Friending on the Job

I have two friends starting new jobs this week, and today I heard of another one who just scored an offer.

The first week in a new office is at once an exciting and terrifying thing. You’re the new kid in school. Sure, you’ll know everything about these people eventually—what they eat for lunch, which dentist they go to, what instrument they played in high school marching band—but for now you’re just trying to remember names. And, more importantly, get them to remember yours.

We spend approximately 40 hours a week with our coworkers. That’s a lot of time to feel lonely if you don’t connect to anyone in your office. In fact, research has found that when Americans are asked to choose between having a best friend at work and a 10% raise, friendship wins out easily.

I’ve made close friends in all the jobs I’ve held. But it took time. Upon arrival at each office I was so eager to establish friendships immediately that I most definitely was the awkward girl trying to weasel my way into social circles. As I write this, I’m cringing at the memory of attempting to befriend someone at my very first full-time job, and it was totally one of those trying too hard situations.

“Hey, so, um, watcha working on?”

And then I proceeded to tell her my whole life story because, you know, why not.

Not that she’d asked.

So my advice for my new worker bee friends is as follows:

First, make yourself visible. You want your new colleagues to remember you’re there, so they invite you to lunch and include you on a group project. In the office especially, people are so wrapped up in their own lives that out of sight really is out of mind.

Second, don’t insert yourself for no reason. Though you want to be visible, you don’t want to be intrusive. Jumping in others people’s conversations—“Hey guys whatcha talking about?” (not that you’d do that)—screams Andy Bernard.

Thirdly, do your job, do it well enough, and relax. As long as you’re not burning down the office or forcing anyone to stay late, you’ll make friends eventually. Taking the relationship out of the office takes time, but for now you just need an on-the-clock friend—someone you can recap Modern Family or your weekend with. She may not be a BFF (yet) but that relationship is equally as valuable.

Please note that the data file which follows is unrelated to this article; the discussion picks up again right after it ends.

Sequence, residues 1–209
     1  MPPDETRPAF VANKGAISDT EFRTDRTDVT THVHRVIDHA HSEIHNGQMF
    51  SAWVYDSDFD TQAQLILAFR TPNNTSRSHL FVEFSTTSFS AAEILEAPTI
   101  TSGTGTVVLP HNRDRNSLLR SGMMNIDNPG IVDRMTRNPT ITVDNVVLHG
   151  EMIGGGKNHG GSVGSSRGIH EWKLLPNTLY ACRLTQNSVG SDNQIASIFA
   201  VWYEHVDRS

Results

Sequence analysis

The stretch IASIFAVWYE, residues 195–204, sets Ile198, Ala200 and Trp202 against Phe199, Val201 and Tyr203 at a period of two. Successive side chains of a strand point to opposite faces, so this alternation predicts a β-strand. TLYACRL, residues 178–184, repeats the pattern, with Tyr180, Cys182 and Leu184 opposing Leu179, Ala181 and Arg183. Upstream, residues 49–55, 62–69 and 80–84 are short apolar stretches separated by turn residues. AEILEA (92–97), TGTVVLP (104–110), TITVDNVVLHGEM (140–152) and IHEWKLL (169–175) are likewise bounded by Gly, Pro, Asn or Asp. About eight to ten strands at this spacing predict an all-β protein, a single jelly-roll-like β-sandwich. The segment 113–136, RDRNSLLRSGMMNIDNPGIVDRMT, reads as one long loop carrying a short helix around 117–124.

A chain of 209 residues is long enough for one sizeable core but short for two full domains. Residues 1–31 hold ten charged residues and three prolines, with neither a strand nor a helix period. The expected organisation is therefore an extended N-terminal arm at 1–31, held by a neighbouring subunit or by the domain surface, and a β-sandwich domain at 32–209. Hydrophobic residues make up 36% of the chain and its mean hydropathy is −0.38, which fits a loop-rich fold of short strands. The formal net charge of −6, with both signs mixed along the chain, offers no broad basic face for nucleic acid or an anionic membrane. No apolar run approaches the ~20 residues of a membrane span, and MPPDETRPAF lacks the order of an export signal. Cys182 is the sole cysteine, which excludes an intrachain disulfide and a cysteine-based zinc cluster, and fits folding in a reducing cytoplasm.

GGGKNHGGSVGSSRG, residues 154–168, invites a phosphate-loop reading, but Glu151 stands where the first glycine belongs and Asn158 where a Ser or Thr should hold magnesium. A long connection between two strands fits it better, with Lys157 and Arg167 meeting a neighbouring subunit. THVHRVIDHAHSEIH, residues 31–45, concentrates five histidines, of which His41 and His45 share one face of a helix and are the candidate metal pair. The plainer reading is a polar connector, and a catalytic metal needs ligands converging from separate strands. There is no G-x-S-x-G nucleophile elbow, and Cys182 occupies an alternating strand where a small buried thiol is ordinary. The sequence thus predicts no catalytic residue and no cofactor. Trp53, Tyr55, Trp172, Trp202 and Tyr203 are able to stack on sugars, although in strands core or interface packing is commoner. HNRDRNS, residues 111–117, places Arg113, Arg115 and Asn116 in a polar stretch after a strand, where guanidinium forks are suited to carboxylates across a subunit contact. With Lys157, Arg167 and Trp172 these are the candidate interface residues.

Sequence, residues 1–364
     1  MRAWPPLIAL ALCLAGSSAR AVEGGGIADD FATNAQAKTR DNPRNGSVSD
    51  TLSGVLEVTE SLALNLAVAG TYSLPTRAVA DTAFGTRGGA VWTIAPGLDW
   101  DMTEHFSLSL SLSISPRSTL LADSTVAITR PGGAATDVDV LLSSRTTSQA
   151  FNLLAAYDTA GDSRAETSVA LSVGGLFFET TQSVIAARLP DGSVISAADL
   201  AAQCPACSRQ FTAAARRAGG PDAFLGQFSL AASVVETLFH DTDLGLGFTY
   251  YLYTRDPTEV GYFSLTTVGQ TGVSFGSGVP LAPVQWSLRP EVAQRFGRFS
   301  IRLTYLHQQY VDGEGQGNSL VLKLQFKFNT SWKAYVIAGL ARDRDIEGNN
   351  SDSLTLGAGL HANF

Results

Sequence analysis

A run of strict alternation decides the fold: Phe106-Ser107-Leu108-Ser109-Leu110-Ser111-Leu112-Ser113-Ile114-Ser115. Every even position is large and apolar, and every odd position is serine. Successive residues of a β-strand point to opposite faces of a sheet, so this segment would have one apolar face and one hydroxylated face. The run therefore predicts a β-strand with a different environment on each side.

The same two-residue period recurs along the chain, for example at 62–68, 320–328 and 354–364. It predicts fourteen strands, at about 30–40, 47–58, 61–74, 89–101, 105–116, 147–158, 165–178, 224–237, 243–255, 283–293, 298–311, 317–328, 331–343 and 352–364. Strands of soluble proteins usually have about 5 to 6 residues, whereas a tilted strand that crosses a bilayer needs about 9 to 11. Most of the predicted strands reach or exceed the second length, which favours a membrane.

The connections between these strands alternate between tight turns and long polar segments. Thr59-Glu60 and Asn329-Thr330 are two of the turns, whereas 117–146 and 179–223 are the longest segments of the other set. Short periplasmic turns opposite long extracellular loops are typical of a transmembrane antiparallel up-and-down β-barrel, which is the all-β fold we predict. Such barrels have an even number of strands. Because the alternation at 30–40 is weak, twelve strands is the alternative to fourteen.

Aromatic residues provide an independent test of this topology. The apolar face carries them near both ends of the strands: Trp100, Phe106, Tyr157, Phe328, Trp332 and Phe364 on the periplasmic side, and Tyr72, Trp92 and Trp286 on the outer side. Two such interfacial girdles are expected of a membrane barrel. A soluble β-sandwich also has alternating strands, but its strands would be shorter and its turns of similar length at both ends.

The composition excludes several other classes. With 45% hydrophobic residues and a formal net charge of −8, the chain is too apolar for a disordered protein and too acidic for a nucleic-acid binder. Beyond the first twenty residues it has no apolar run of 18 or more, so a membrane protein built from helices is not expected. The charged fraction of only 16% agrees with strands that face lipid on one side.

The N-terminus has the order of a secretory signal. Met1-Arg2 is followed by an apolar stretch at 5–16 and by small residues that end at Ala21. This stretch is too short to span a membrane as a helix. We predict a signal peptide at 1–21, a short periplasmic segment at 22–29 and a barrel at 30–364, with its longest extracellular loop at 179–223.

Remember being the new guy at work? Any tricks for establishing workplace friendships? Anyone think the office and friendship shouldn’t mix?

4 Comments

Filed under The Search

4 responses to “Friending on the Job

  1. I hate the new guy feeling… I usually try to keep a low profile initially and just make sure I am coming off as friendly. I worked at company where you were expected to set up a coffee date with a new employee when they started so you could get to know them/help them feel welcomed. So that was nice.

    Now that I am older, I don’t really try to cultivate friendships in the office like I used to… But many of the friends I have now are people I met at work when I was in my early 20s, so there was a point where I did try to develop relationships…

  2. Cat

    This couldn’t have come at a better time. I just started a new job last week and came home tonight whining about how I’m the awkward girl and nobody is going to like me. I always try to hard, and come off as someone completely different than who I really am, then get those weird, “what is she talking about” kind of looks. Ugh.

  3. Awww…this was so nice to read today! I appreciate the advice. Last week was my first week (which you totally knew, obv) and I tend to accidentally become the “mousy quiet girl” when I first start a job, so I vowed not to be that this time. So far it is going okay. But people at the new gig are super nice but super busy and to themselves, so it will be a while before I get into any social circles for sure. I definitely feel like a Nard Dog when I am too pushy on new friends, though, so I gotta walk the tightrope of open and inviting and not creepy and nosy.
    Thanks for the post!

  4. One of my co-workers invited me out to lunch on my first day. It was a pleasant surprise and really made me feel welcome. I think friendship with co-workers is fine and can even increase productivity but there should be some boundaries. For example: there are certain topics that you should not talk about at work. Also, if you are experiencing conflict with a friend/co-worker you can’t let that interfere with your job.

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